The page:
Breaking Ties With Tyranny

Parade celebrates 200 million Chinese renouncing pledge to Communist Party
April 6, 2015 Updated: April 7, 2015

Some lingering snow still butters the streets and sidewalks of Montreal but the thaw is well underway. Another figurative thaw is also underway in China and this past weekend a parade of mainly Chinese Montrealers marched those slushy streets to celebrate it.

They marched to mark 200 million Chinese people withdrawing from the Chinese Communist Party (CCP) and its affiliated youth organs, the Young Pioneers of China (for children aged 6-14) and the Communist Youth League of China (for those aged 14-28).

The parade wound through Montreal’s Chinatown to mark what has otherwise been a largely silent movement to dissolve the CCP.

Some of the spectators waved, some looked questioningly at the scene unfolding, not quite sure what to make of what has become known as “Tuidang,” or Quit the Party, movement.

‘Nine Commentaries’ Deconstructs Communist Party Propaganda

It all began with the Chinese edition of the Epoch Times in 2004, with an editorial series called “Nine Commentaries on the Chinese Communist Party,” a historical recounting of the nature of the CCP and its crimes against the Chinese people.

The award-winning series deconstructs the CCP’s propaganda and puts its self-proclaimed glories within the context of its actual history of violence, deception, extreme political repression, and systematic destruction of traditional culture and values. 

It documents how the CCP has caused the deaths of 60–80 million Chinese people through wars, famine, tyranny, and massacre, and led to a tragic collapse of social and ecological systems in China and a corruption of ancient Chinese culture, overturning the principles and beliefs that have sustained human moral standards for 5,000 years.

Absolving oneself of this guilt by association is the impetus for the Tuidang movement. 

“We love China, love the rich Chinese culture with 5,000 years of history. We love the Chinese people as well. We just want to stop the persecution, stop the CCP doing evil,” Yvan Pinard, one of the event organizers, told the crowd.

Volunteers help organize the Tuidang movement’s renunciation centres, online or in on-the-street places where Chinese people can register their withdrawal from the CCP and its affiliated organizations.

The Burden of Party Membership

The Montreal parade was one of dozens held around the world, a commemoration for the victims of the Chinese Communist Party and an act of solidarity and support for those who have withdrawn from its ranks. 

In China, it is compulsory for all young school children to wear the red scarf of the Young Pioneers. It is red, stained with the blood of revolutionary martyrs. Few children consider deeply the oath they must take: to love the Party and serve the cause of communism.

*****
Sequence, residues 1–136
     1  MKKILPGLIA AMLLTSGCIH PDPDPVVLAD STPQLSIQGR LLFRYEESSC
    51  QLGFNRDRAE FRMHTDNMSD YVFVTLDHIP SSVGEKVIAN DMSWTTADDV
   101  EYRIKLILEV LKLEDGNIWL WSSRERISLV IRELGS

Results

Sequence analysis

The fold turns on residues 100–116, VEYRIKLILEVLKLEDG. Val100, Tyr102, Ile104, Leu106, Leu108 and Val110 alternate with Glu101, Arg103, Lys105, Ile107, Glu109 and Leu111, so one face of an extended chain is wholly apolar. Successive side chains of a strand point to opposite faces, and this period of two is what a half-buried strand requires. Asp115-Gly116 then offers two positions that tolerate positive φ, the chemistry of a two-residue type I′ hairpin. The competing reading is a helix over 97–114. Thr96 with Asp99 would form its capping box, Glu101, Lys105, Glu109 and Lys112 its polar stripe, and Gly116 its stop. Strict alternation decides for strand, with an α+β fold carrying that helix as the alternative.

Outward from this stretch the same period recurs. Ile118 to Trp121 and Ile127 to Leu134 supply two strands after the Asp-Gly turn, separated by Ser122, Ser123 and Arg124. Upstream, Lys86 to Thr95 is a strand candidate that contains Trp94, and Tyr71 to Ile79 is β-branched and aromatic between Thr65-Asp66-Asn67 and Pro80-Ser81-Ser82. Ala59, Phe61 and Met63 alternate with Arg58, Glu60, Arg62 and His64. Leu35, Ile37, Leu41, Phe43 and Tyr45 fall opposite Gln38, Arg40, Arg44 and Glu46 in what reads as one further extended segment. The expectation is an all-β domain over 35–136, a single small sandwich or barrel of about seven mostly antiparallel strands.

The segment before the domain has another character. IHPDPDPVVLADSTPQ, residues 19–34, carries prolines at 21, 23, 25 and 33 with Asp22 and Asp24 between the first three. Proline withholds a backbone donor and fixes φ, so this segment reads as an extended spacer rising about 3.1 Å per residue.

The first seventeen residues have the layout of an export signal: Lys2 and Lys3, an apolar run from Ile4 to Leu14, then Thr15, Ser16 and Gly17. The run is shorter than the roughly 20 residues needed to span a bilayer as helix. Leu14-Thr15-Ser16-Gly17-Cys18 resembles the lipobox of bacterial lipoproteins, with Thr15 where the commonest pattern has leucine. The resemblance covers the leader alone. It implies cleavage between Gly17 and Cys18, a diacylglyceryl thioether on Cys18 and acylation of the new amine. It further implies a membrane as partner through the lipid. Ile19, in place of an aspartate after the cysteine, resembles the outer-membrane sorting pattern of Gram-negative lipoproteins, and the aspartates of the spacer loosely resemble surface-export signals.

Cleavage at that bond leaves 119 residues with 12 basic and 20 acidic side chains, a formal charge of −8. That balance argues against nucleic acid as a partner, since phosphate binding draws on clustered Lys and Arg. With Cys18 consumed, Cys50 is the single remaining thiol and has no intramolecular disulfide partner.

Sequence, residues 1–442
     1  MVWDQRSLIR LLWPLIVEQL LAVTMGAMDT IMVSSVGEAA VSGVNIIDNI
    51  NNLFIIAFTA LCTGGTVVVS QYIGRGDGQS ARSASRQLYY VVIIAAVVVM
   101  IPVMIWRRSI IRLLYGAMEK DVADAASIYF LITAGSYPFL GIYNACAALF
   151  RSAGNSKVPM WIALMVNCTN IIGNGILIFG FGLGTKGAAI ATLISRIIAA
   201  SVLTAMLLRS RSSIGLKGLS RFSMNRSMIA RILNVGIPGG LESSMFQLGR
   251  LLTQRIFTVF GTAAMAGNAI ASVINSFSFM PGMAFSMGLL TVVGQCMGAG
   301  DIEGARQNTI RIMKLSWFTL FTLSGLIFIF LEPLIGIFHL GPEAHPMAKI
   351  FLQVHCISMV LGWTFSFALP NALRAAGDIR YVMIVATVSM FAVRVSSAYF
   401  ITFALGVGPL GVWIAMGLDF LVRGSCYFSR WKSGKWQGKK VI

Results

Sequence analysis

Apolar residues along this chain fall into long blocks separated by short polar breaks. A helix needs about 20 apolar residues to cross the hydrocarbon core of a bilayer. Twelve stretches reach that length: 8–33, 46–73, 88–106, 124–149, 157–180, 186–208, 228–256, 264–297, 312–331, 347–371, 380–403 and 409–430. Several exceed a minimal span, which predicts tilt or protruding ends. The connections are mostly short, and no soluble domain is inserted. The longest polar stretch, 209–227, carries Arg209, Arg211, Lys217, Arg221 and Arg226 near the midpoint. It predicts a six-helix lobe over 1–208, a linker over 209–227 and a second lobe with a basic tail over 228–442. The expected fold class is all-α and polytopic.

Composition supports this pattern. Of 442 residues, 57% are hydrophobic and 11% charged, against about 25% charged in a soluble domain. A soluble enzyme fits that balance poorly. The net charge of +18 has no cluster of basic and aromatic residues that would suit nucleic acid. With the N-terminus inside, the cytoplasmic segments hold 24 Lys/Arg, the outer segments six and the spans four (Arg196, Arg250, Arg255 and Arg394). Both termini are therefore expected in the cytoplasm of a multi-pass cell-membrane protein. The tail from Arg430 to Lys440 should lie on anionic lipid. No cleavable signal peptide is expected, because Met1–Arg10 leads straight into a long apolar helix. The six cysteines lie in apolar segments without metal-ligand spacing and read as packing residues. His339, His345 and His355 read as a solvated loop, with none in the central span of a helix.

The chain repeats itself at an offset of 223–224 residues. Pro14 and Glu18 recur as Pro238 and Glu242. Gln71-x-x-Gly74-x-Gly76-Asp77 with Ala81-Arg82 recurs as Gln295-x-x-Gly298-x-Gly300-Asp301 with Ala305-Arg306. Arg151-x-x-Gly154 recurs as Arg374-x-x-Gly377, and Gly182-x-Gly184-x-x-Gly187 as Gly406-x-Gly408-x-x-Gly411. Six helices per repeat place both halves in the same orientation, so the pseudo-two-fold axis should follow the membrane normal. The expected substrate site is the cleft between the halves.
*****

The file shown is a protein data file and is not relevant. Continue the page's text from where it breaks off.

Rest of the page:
When they get older, it becomes more clear. For those 14 years old and above, joining the Communist Youth League can be a path to career opportunity and position, and joining it is optional. For those who try to join the Party as adults, it becomes a lifelong commitment. Leaving the Party can be awkward, even dangerous. To enter, one must pledge his or her life to the Party and forever fight for communism, willing to sacrifice everything for the Party. 

To be a member is to carry its burden, however, including its crimes and its debts to the Chinese people and the millions dead and damaged by its reign. Absolving oneself of this guilt by association is the impetus for the Tuidang movement. 

‘One can feel the change’

Speaking in Chinese, Yang Dongdong, who is responsible for a Tuidang centre in Montreal, said Chinese people today understand more clearly the history of the CCP and its real character. 

“Chinese people have received a clearer understanding of the CCP, a deep understanding of its tyranny and its lies. Considering the status quo with China, the fake merchandise, toxic foods, haze/pollution, the Chinese people began to reflect, fundamentally recognize [the evil nature of the CCP], so quitting the CCP is very natural for many Chinese people,” she said.

She said Montreal’s Quitting the CCP Service Centre often gets phone calls from Chinese people moving to Canada who want to register their withdrawal, something they could not do while in China. They frequently register renunciations for family members as well, she said. 

“There are so many people who have resigned their membership with the CCP, one can feel the change,” she said.

Many Chinese people confuse patriotism for their country with loyalty to the CCP, she said. 

“After reading the ‘Nine Commentaries,’ which fundamentally reveals the nature of the CCP step by step, removing the fog from people’s minds, it inspires them to reflect,” she said.

“Before, tens of thousands of Chinese quit the CCP in one day. Now, hundreds of thousands quit the CCP every day around the world, and the number of people quitting the CCP daily is still rising.”

With reporting by Nathalie Dieul and Matthew Little